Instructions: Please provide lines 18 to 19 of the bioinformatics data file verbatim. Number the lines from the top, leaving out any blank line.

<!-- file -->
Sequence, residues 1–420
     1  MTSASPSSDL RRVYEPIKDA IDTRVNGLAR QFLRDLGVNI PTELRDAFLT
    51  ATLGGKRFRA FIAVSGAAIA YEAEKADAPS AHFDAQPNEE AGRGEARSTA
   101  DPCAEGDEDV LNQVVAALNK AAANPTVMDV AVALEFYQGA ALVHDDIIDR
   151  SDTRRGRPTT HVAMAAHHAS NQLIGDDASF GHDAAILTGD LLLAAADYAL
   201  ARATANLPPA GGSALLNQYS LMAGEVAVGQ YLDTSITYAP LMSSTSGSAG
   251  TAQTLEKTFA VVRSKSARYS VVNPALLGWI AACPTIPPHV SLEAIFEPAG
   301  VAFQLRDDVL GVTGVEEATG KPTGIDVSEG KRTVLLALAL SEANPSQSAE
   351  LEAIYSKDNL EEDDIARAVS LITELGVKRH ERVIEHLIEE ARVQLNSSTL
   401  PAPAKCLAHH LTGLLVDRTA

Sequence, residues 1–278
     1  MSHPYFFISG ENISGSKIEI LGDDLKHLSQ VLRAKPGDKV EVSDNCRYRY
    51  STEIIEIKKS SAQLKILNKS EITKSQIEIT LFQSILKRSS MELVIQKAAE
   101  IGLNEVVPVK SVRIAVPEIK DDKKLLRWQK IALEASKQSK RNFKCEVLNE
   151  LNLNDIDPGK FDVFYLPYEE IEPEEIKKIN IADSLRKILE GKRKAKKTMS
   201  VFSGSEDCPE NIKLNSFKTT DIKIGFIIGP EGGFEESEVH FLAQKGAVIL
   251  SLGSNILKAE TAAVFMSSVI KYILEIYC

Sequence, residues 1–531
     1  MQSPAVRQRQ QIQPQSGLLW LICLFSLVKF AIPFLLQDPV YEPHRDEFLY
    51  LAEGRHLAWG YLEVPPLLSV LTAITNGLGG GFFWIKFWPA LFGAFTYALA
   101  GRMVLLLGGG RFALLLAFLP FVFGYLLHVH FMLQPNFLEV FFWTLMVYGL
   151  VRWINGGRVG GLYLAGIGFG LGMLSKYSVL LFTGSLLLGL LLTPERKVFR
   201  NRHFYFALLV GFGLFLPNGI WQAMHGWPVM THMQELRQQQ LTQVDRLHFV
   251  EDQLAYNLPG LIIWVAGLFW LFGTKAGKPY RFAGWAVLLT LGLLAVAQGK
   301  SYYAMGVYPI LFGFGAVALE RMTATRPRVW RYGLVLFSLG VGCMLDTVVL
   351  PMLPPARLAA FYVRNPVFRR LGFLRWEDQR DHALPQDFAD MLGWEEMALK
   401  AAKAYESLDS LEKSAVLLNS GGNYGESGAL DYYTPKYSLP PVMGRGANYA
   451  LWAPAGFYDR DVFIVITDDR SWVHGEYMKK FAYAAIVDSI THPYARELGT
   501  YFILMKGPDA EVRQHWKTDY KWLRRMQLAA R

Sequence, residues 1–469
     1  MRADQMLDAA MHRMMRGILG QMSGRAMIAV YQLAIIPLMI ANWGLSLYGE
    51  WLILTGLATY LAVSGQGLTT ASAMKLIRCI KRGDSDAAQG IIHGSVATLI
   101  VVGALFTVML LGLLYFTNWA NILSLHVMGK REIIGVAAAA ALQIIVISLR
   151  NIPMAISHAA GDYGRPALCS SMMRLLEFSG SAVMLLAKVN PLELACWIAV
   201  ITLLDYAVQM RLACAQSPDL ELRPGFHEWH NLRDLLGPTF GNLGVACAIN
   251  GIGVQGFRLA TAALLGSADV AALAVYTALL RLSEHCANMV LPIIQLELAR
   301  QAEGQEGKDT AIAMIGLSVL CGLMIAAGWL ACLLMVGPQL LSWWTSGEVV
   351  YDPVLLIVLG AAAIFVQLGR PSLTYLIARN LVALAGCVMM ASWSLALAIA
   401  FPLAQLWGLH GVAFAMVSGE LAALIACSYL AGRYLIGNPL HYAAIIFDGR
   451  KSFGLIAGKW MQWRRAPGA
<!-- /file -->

Sequence, residues 1–531
     1  MQSPAVRQRQ QIQPQSGLLW LICLFSLVKF AIPFLLQDPV YEPHRDEFLY